Deborah Emont Scott’s first visit to the Taft Museum of Art didn’t work out as planned.

It was the mid-1970s, and Scott was in graduate school at Oberlin College studying art history. She took a road trip to the Cincinnati Art Museum to do some research for her master’s thesis.

While she was in town, Scott decided she really ought to see the Taft, as well.

“The Taft has such a wonderful reputation,” she recalls. “I figured I had to see it before I went back to school.”

Alas, it was a Monday, and the Taft was closed.

“I just stared longingly at the portico and finally moved on,” Scott says. “It was incredibly disappointing. But I always knew that I would come back someday.”

Today, Scott has come back. But this time, she’s returned as the Taft’s director and CEO, just the sixth since the museum opened in 1932.

A couple of weeks before Scott stepped into her new position on Nov. 9, she visited Cincinnati to attend the museum board’s annual meeting. The staff hosted a luncheon in her honor.

It wasn’t a glitzy affair, but it was the first time that most of the museum’s employees had a chance to meet her. Scott was given a seat surrounded by some of the museum’s senior staff, but she didn’t stay there long. She grabbed a plate and started table-hopping.

Not a big deal, maybe, but everyone there remembered it.

“It was really, really refreshing,” says a junior staff member, who asked that her name not be used. “It just felt different.”

Don’t look for Scott to be a rebel, a person who will rock the institutional boat. She’s a collaborator, a person who knows the value of building alliances. Before coming to Cincinnati, she spent 26 years at Kansas City’s Nelson-Atkins Museum of Art, the last 11 as chief curator.

Throughout the arts world, Scott is known for her reliability, her scholarship, her consistency — just the sort of qualities that were high on the Taft search committee’s list.

“Her résumé was extraordinary,” says Paul Chellgren, the Taft’s board chairman and head of the search committee. “And we were impressed that her references included the directors of the Guggenheim and the Walker.”

But meeting her was what sealed the deal.

“She’s a consummate professional,” Chellgren says. “She’s deliberate. She’s careful. And we all liked her maturity.”

There is no shortage of museum administrators looking to make their marks on the art world. Indeed, Chellgren received roughly 100 résumés from candidates he regarded as “serious.”

But most of them didn’t understand the Taft’s philosophy. Or, they viewed themselves as rising stars and would likely pop in for a few flashy years, then depart for another plum position on the way to the job they were really after in the first place.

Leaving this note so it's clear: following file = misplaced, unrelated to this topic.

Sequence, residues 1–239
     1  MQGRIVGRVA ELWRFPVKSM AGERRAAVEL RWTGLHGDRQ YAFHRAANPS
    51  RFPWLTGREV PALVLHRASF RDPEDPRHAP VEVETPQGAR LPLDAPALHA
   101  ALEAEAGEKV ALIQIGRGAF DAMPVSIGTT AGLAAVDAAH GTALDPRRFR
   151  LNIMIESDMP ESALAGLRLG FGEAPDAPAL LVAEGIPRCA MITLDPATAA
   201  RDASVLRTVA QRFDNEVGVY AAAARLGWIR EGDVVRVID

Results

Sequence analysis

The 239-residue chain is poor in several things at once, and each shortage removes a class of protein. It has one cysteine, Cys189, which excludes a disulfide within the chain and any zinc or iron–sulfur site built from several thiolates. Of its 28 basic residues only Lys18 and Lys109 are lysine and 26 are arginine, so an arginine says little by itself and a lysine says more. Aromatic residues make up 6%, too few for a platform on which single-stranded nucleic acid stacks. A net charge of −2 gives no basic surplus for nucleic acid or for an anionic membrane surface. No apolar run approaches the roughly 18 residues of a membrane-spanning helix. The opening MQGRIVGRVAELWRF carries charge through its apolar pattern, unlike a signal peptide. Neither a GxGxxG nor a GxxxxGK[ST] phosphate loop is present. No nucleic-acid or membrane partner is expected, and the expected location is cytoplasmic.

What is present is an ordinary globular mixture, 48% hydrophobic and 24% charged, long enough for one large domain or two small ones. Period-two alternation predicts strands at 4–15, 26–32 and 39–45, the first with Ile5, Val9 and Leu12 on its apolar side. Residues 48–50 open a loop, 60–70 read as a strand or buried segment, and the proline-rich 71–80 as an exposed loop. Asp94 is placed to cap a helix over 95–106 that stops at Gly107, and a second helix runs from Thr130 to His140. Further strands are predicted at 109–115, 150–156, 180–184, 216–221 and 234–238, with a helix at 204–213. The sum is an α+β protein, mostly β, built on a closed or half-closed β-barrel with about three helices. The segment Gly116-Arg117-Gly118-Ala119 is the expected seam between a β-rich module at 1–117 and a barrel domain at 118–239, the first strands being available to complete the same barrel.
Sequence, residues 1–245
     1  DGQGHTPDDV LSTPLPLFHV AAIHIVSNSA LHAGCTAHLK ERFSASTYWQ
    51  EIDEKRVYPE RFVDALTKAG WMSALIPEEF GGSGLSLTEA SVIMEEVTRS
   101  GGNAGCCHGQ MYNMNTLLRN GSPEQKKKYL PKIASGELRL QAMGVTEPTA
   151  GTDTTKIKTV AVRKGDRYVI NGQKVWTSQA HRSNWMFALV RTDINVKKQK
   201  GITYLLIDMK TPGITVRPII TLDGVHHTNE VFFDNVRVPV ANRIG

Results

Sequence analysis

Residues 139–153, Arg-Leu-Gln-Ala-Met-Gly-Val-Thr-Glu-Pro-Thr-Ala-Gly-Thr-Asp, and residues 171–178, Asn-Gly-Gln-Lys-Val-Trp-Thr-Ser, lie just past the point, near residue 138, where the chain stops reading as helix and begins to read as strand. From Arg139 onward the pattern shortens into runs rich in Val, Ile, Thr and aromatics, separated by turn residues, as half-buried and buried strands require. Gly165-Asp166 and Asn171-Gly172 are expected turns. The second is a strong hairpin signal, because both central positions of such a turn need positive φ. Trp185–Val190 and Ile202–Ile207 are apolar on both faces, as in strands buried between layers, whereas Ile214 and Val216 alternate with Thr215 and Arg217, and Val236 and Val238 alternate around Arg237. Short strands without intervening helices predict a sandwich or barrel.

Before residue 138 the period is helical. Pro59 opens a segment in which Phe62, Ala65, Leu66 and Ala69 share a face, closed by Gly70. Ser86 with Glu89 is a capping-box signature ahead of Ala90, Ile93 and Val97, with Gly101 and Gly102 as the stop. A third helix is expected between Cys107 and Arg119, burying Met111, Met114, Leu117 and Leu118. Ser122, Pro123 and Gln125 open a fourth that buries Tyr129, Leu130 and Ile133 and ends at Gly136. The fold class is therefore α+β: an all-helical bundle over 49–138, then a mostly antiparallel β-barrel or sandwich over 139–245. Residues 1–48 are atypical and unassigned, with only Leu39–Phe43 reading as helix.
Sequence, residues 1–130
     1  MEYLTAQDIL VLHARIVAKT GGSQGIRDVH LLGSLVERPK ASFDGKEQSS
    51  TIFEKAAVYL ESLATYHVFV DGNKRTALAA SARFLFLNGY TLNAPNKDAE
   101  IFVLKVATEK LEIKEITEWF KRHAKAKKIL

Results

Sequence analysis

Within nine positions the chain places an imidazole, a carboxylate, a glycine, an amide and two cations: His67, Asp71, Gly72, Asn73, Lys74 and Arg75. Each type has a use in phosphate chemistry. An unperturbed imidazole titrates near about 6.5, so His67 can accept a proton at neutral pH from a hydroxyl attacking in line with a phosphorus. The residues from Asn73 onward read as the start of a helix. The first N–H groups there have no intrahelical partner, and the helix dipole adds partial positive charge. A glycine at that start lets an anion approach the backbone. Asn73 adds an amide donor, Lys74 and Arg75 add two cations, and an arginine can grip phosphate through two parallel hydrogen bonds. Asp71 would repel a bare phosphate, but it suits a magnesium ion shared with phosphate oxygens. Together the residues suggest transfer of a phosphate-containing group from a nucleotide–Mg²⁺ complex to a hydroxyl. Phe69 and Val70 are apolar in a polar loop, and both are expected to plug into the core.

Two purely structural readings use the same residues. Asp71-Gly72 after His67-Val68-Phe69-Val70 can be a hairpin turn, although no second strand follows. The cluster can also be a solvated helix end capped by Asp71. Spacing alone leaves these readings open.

That’s not what the Taft search committee had in mind. The Taft, you see, is an anomaly in the museum world.

“We are what we are,” Chellgren says. That means the museum has a balanced budget, a stable staff and a modestly sized physical facility. It also means the Taft isn’t looking to expand its facility or the collection.

But that doesn’t mean there’s no room for growth or for some new ways of looking at things.

In Cincinnati’s arts world, the Taft is regarded as a little gem, tucked away in a historic home on Pike Street, at the far eastern reaches of downtown.

It doesn’t have the edginess of the Contemporary Arts Center or the be-everything-to-everybody reputation of the sprawling Cincinnati Art Museum. It’s a miniature; a lovely institution with a small but distinguished collection.

And, while the Taft has done much to come out of what was once an insular shell, it’s still a place that has been all-too-easy for many people to forget about. It doesn’t brag or swagger. It is a quiet oasis in an arts world where institutions are desperate for attention.

That may be where Scott can mix things up. Not that she’s likely to imbue the Taft into a garish, look-at-me attitude. But there is a decidedly populist streak in her. She loves art, and she wants to expose as many people as possible to it.

Does that mean we’re likely to see the Taft booking large shows of the type we’d more naturally expect at the Cincinnati Art Museum? Probably not. But it does portend a Taft that is a more active player in the local arts community.

“The Taft is already an excellent institution,” Scott says. “I don’t plan to dismantle what’s already there. I have lots to learn, though. I have to get to know who our members are. I have to learn who comes to the museum, and — maybe even more important — who doesn’t come to the museum and why.

“But I’m going to have tremendous support in all of that. The staff is fantastic. The board is fantastic. And — this is amazing — they’ve got 90 docents, which is huge. And all of these people want the same thing; they want to reach out, diversify the audience and cultivate people from all walks of life. I think I’ll be in good company.”